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I am working to tune a RNN for the purposes of predictive analytics on time series data. I am testing different optimizers and am currently working with RMSprop.

I have reviewed Hinton's lecture notes on the subject, as well as the Keras documentation on included optimizers. However, for the life of me, I cannot find a good explanation of the difference between rho and decay.

From these docs, I know that rho also refers to decay rate, but the difference between the two arguments are anything but clear to me at this point.

keras.optimizers.RMSprop(lr=0.001, rho=0.9, epsilon=None, decay=0.0)
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Short explanation

rho is the "Gradient moving average [also exponentially weighted average] decay factor" and decay is the "Learning rate decay over each update".

Long explanation

RMSProp is defined as follows

enter image description here source

So RMSProp uses "rho" to calculate an exponentially weighted average over the square of the gradients.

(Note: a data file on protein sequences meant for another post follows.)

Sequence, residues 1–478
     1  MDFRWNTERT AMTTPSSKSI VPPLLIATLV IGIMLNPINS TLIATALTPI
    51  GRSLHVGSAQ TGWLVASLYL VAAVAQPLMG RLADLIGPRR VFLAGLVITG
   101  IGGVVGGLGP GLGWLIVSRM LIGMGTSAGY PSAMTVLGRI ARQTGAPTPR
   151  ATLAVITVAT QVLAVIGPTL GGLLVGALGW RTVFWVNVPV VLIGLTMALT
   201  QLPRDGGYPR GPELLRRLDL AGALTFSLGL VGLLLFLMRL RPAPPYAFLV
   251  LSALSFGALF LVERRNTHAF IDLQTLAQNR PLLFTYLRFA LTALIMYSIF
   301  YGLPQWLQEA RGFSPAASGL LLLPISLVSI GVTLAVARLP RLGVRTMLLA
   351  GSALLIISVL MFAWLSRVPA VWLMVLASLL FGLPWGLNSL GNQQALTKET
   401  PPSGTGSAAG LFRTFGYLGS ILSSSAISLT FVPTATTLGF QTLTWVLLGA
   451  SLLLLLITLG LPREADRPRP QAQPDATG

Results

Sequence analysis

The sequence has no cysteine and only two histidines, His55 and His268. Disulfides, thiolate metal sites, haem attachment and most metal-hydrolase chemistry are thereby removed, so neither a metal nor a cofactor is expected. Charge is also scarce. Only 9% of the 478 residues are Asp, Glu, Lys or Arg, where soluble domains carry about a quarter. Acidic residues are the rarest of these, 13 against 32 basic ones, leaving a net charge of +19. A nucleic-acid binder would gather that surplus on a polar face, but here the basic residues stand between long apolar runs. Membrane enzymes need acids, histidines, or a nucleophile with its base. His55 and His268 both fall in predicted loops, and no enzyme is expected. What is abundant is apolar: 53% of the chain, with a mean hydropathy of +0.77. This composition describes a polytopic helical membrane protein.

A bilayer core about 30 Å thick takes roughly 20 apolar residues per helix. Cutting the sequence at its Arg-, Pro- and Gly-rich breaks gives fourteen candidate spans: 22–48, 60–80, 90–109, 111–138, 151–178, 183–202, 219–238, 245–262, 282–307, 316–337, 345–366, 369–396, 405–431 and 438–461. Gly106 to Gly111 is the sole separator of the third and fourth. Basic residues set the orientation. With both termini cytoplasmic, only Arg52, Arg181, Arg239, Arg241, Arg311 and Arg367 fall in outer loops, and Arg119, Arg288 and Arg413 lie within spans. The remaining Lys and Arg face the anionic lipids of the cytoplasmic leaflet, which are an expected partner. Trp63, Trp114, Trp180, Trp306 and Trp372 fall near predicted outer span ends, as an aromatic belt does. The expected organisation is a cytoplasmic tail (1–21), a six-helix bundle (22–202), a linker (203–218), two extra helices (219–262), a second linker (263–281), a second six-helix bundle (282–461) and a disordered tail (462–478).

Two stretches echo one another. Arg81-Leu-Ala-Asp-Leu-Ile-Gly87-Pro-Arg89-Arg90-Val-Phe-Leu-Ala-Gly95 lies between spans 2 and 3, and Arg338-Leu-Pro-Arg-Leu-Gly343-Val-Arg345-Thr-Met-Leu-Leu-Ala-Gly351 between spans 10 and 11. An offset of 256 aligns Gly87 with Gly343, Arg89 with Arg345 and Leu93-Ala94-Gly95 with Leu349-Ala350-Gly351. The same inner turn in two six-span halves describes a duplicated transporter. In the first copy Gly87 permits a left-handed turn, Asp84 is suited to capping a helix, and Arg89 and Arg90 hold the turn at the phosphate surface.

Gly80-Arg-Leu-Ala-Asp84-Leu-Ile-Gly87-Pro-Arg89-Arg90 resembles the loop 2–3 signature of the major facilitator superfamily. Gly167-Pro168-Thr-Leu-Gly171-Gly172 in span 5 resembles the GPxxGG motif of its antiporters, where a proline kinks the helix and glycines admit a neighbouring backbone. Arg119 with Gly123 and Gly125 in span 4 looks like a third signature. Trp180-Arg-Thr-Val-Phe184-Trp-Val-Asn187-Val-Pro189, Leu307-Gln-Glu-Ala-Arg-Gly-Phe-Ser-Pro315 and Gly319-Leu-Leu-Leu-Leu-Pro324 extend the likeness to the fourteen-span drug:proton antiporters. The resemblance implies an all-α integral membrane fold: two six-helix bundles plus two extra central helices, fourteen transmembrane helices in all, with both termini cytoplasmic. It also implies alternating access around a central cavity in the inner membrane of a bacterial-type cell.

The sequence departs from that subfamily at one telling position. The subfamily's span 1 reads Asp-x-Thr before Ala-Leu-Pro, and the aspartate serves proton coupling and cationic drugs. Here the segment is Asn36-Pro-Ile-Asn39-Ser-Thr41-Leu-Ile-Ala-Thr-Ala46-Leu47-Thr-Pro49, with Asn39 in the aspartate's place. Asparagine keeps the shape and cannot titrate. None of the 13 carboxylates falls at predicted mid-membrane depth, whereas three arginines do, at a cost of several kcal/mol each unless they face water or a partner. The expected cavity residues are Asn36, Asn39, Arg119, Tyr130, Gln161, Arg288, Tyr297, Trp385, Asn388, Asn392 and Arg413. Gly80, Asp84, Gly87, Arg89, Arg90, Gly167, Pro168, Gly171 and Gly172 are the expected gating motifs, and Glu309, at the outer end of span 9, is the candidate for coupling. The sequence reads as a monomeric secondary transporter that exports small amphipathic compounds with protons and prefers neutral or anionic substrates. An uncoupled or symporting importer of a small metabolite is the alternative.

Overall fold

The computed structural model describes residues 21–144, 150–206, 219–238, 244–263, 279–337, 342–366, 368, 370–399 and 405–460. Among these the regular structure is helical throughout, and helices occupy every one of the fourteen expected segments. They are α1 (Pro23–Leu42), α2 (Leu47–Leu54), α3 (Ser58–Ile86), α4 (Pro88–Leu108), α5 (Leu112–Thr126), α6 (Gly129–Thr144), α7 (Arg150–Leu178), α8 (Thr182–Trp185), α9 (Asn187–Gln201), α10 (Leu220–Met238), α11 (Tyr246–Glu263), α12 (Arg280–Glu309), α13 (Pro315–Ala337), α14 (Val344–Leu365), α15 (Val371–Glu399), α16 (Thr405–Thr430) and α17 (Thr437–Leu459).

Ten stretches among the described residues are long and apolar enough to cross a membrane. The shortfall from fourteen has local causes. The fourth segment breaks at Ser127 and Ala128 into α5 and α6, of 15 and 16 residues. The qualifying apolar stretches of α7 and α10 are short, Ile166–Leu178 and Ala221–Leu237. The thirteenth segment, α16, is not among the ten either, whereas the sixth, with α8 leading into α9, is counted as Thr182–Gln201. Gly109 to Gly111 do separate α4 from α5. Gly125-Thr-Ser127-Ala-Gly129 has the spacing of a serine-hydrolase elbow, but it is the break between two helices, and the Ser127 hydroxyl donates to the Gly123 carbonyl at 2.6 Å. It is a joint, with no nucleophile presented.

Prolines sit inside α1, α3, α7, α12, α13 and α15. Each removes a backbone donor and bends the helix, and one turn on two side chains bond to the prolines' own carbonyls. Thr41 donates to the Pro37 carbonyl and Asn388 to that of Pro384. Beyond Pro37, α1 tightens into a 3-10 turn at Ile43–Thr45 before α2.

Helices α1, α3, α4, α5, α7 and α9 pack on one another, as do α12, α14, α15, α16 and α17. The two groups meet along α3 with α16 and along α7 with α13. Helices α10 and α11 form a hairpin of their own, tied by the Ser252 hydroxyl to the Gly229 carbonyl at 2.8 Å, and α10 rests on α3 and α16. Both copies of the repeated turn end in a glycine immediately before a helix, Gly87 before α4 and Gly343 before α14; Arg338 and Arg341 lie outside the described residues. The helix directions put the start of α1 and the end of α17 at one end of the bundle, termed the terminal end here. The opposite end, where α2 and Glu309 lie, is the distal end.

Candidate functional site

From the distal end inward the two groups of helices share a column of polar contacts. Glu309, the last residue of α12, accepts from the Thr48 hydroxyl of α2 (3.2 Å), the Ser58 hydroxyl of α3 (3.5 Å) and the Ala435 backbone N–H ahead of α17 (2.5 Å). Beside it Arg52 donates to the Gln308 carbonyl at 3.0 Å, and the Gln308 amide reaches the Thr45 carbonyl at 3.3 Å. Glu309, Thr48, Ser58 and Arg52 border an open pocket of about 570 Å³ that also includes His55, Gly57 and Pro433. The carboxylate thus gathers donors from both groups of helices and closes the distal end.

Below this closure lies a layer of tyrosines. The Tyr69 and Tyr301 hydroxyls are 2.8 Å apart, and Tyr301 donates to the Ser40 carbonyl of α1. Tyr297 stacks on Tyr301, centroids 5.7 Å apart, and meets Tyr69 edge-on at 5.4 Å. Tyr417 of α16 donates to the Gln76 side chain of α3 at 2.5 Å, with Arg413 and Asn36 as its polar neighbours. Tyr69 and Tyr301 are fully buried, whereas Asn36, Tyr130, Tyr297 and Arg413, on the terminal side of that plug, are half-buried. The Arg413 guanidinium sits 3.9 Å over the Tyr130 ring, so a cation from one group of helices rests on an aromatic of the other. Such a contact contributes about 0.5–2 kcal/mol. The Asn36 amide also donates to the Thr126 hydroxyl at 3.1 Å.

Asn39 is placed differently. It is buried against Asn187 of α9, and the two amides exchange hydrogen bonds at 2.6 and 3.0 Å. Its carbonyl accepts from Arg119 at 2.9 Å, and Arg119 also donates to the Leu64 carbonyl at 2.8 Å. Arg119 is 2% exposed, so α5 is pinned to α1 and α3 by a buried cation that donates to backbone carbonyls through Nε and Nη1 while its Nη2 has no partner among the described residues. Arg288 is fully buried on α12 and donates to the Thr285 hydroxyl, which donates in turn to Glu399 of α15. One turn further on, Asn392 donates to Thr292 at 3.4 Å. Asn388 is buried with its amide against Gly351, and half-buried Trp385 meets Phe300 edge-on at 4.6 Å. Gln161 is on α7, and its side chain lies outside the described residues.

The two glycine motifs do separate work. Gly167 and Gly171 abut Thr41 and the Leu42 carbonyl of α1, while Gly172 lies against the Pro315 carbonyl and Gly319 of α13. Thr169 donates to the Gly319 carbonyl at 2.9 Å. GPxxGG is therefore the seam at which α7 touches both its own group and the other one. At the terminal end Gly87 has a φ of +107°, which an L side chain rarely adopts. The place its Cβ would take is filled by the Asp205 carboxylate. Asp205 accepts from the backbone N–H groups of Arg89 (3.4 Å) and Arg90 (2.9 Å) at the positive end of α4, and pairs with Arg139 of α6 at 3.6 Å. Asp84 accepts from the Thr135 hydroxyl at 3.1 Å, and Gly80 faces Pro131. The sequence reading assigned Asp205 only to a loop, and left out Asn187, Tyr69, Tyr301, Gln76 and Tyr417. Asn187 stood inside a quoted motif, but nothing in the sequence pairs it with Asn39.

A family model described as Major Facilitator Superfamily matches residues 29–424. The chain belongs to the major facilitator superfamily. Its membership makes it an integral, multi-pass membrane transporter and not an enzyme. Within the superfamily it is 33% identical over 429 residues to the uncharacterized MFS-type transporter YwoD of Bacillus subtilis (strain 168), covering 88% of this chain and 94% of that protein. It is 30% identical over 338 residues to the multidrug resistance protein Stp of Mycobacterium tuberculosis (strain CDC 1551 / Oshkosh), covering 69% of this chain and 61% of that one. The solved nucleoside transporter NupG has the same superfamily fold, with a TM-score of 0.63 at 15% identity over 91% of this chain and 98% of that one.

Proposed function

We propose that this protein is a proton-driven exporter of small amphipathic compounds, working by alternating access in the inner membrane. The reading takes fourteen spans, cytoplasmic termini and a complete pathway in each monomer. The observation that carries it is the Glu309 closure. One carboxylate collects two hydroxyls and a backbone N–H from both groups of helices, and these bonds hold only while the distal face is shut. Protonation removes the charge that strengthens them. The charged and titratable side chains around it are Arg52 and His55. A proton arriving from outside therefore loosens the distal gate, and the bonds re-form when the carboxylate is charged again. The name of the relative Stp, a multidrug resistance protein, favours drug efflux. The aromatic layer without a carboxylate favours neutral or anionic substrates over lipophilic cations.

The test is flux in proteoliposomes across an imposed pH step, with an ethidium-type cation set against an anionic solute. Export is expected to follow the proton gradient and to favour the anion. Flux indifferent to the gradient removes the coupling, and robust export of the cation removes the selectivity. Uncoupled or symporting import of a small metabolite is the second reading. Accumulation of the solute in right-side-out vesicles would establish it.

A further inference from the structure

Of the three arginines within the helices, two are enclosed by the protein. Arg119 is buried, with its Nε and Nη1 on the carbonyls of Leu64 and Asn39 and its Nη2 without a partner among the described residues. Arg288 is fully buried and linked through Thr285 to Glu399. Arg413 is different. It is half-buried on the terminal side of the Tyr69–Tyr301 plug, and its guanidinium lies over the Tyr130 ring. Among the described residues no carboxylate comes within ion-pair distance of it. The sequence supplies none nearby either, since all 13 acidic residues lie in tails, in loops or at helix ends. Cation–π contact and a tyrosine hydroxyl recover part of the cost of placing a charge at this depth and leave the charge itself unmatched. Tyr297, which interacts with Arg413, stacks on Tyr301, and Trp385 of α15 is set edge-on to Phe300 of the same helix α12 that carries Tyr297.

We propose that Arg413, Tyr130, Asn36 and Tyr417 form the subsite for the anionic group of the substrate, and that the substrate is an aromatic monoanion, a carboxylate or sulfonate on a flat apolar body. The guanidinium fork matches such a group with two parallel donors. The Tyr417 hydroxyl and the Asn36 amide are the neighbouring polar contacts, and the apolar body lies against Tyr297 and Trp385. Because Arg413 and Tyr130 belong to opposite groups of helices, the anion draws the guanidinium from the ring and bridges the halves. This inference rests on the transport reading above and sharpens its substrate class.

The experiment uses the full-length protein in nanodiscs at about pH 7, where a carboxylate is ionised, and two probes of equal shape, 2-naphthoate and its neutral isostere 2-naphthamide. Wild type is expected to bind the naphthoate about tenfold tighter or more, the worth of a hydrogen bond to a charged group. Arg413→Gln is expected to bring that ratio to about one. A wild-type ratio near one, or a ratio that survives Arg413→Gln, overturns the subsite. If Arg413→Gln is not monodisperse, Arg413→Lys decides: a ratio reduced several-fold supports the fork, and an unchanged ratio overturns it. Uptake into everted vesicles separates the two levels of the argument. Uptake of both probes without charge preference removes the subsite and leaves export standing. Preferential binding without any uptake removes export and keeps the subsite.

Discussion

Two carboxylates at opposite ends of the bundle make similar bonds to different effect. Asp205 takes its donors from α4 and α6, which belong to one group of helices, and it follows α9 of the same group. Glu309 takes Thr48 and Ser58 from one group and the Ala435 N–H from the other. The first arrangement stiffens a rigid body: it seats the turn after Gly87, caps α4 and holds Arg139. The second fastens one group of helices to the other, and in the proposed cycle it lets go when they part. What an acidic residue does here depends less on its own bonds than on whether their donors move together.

Note that "rho" is a direct parameter of the RMSProp optimizer (it is used in the RMSProp formula).

Decay on the other hand handles learning rate decay. Learning rate decay is a mechanism generally applied independently of the chosen optimizer. Keras simply builds this mechanism into the RMSProp optimizer for convenience (as does it with other optimizers like SGD and Adam which all have the same "decay" parameter). You may think of the "decay" parameter as "lr_decay".

It can be confusing at first that there are two decay parameters, but they are decaying different values.

  • "rho" is the decay factor or the exponentially weighted average over the square of the gradients.
  • "decay" decays the learning rate over time, so we can move even closer to the local minimum in the end of training.
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